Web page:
“Goodly Parents”

Jim reminds us that next week begins a change in the Gospel Doctrine curriculum. This year’s course of study is, without a doubt, my favorite book in the world, The Book of Mormon. I hope to see a vigorous discussion of Jim’s provocative study questions, but I am going to anticipate him by a week or two with a post about the first verse of the Book of Mormon: “I, NEPHI, having been born of goodly parents, therefore I was taught somewhat in all the learning of my father.” In my humble opinion, this verse does not mean what most of us think it means.

Before explaining my understanding of this verse, I want to ensure that we all agree on the usual understanding of this verse. General Authorities of the Church have used this verse repeatedly to support the notion that “goodly parents” means “righteous parents”:

* Elder L. Tom Perry: “What a blessing it would be to have it said of all fathers and mothers that they were goodly parents, righteous parents, active parents, faithful parents, exemplary parents, celestial parents.”

* Elder M. Russell Ballard: (after noting that Nephi was born of goodly parents) “So was the Prophet Joseph Smith; he once declared, ‘Words and language are inadequate to express the gratitude that I owe to God for having given me so honorable a parentage’ (History of the Church, 5:126).”

* Elder S. Dilworth Young: “Prophets are born of goodly parents. Before the earth was formed the heavenly hosts gave shouts of joy, both because they could come to the earth and that their leaders were chosen and recognized….”

* Elder Lynn Archibald: “The Book of Mormon clearly shows the value of righteousness and dedication in parents.”

* Elder Douglas L. Callister: “‘Goodly parents’ means good parents who set an example in keeping the commandments of God. My parents were very good. I hope I have been as good an example to my children.”

* Sister Virginia Pearce: “They were ‘goodly’ because they taught him to love the Lord and obey His commandments.”

In my view, this understanding of “goodly parents” is simply wrong. While the debate over material prosperity still proceeds below, I will add some fuel to the fire: the words “goodly parents” mean nothing more than “rich parents.”

This is not an issue that can be resolved by reference to a dictionary of usage. One sees remnants of my understanding of “goodly” in modern dictionaries — for example, the American Heritage Dictionary defines “goodly” to mean “Quite large; considerable” — but that does not resolve the issue. In addition, historical usages of “goodly” are mixed. If memory serves, the OED offers support for both definitions of “goodly” discussed here (i.e., righteous and rich). My argument, therefore, proceeds not solely from the dictionary, but from my reading of the Book of Mormon.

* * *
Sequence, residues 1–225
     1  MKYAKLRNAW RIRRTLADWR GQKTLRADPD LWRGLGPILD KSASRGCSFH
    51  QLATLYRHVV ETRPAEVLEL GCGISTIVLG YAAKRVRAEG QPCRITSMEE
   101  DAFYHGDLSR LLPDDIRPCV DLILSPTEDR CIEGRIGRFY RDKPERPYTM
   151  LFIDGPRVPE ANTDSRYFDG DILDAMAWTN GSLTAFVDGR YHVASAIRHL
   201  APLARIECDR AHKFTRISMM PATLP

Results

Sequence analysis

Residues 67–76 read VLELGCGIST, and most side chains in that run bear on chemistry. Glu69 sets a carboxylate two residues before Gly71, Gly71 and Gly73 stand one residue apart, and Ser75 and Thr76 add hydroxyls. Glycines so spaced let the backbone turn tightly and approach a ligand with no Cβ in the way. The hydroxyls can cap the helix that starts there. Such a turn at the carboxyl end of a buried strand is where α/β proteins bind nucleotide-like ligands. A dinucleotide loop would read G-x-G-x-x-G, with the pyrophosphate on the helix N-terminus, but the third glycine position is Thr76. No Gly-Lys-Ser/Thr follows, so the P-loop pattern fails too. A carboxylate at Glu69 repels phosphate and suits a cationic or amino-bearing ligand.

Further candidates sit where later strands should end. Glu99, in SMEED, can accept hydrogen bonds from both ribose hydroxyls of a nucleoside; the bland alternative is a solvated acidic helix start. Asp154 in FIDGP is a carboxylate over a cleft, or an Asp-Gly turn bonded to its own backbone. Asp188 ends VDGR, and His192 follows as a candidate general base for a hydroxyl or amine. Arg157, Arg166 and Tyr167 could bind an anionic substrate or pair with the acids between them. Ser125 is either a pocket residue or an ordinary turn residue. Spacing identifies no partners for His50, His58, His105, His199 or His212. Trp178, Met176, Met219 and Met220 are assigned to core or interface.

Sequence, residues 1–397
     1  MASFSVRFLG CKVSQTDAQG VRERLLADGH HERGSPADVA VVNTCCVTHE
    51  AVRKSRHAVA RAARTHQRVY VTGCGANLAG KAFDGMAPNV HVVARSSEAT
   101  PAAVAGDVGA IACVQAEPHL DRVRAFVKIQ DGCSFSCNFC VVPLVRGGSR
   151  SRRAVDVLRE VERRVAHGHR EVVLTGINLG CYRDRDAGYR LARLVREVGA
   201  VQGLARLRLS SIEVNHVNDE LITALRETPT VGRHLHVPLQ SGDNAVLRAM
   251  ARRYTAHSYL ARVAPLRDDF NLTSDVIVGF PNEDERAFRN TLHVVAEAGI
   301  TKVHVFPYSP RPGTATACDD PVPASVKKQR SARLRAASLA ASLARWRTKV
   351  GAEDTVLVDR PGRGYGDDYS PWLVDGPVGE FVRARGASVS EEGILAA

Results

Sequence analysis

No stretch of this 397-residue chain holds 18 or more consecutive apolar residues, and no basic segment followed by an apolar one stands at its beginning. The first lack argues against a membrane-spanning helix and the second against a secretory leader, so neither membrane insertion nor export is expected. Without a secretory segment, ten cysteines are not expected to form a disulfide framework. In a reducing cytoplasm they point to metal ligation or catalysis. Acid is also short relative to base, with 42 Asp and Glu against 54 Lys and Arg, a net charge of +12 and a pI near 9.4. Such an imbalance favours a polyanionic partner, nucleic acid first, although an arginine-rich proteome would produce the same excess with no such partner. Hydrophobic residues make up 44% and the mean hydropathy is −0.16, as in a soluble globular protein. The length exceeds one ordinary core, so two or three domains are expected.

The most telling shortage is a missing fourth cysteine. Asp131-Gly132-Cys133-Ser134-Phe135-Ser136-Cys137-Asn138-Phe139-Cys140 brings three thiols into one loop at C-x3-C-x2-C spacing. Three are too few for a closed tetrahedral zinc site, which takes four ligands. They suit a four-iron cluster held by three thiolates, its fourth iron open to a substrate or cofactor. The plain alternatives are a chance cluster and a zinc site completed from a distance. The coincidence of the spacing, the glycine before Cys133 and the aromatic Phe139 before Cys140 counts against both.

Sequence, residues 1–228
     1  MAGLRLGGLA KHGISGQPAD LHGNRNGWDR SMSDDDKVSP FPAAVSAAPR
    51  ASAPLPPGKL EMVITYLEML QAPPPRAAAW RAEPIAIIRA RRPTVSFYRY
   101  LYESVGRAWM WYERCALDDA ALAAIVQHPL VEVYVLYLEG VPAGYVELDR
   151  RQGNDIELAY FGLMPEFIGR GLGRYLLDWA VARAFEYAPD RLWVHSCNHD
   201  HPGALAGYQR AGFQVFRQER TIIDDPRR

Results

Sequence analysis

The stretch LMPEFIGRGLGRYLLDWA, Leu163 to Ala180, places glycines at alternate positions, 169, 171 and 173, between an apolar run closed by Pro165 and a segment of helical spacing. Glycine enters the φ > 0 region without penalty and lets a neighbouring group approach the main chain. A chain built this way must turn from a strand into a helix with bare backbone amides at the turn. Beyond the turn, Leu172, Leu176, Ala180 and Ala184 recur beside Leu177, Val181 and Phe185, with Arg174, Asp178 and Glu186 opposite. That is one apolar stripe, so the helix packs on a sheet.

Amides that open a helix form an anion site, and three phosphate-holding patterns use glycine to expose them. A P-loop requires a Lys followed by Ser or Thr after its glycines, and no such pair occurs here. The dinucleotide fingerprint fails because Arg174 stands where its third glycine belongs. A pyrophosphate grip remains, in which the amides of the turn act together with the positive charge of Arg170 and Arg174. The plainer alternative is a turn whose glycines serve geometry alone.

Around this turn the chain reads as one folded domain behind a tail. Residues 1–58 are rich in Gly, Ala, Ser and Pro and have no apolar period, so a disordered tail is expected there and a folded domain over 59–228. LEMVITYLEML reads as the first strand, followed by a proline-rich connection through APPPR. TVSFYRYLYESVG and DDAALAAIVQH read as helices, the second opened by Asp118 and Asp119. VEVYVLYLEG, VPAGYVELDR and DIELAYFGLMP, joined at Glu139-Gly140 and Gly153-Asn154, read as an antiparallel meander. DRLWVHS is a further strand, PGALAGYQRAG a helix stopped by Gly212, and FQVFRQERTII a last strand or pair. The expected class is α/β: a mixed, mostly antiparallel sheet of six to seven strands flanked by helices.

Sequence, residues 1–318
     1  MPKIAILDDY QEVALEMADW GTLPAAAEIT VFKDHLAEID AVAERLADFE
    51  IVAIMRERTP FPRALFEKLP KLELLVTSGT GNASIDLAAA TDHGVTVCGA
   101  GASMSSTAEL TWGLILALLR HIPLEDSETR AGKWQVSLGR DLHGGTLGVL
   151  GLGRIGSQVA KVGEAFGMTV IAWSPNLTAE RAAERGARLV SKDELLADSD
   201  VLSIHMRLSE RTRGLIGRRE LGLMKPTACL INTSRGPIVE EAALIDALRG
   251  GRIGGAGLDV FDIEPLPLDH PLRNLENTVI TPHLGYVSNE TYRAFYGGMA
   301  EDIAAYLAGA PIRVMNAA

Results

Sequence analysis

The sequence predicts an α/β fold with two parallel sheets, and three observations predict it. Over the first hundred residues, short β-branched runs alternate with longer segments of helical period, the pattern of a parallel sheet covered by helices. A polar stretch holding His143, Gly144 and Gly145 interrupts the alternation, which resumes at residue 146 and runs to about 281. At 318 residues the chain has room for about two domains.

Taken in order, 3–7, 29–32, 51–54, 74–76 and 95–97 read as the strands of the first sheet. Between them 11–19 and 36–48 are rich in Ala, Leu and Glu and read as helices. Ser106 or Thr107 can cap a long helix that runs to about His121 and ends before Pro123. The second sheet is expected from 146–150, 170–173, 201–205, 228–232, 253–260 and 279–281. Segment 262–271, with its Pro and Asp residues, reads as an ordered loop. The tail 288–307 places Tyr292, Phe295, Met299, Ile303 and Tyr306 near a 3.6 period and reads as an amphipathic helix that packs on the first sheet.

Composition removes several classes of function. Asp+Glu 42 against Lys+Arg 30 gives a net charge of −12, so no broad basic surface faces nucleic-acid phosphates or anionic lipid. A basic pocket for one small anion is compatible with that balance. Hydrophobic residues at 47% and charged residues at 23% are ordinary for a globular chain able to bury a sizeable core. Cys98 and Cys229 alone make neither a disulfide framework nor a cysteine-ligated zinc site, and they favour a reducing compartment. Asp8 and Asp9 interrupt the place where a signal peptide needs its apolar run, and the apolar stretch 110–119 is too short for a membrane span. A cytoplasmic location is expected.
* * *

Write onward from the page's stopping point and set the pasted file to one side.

The Book of Mormon never quantifies Lehi’s wealth, but several references in the text suggest that Lehi was a man of great means. When describing the departure of Lehi and his family from Jerusalem into the wilderness, Nephi writes: “he left his house, and the land of his inheritance, and his gold, and his silver, and his precious things….” 1 Nephi 2:4 Perhaps the most striking reference occurs when Lehi’s sons return to Jerusalem to obtain the “plates of brass,” which contained the writings of the prophets prior to Lehi’s departure at the time of the reign of Zedekiah (roughly 600 b.c.). 1 Nephi 5:11. When the four sons of Nephi attempt to buy the brass plates from Laban – himself apparently a man of great means – Nephi records, “when Laban saw our property, and that it was exceedingly great, he did lust after it….” 1 Nephi 3:25.

Why is this relevant to our understanding of “goodly parents” in 1 Nephi 1:1? The view of Lehi and Sariah as “rich parents” sheds light on the subsequent division in the family. The main issue that divided Lehi’s family was wealth. The older children — Laman and Lemuel — were raised in conditions of great affluence, and they were quite outspoken in their opposition to the family’s move down the social ladder. Moreover, in Lehi’s vision of the Tree of Life, Laman and Lemuel elected to enter the “great and spacious building,” which was “filled with people, both old and young, both male and female; and their manner of dress was exceedingly fine; and they were in the attitude of mocking and pointing their fingers towards those who had come at and were partaking of the fruit.” 1 Nephi 8:27. By contrast, the younger children — Sam, Nephi, Jacob, and Joseph — remained righteous. The youngest (Jacob and Joseph) were born in the wilderness, and the others were probably too young when the family relocated to have been tainted by the affluence of the family in the days prior to Lehi’s “conversion.”

Finally, I anticipate someone commenting that “goodly parents” might have a dual meaning (both righteous and rich), but I don’t agree. The notion of goodly parents is connected to Nephi’s opportunities for learning: “therefore I was taught somewhat in all the learning of my father.” This is pretty clearly a reference to literacy, as Nephi concludes verse 1 by saying, “therefore I make a record of my proceedings in my days.” While wealth has obvious connections to literacy, righteousness does not. That is, I assume that many righteous parents of Nephi’s day were unable to provide their children with a formal education.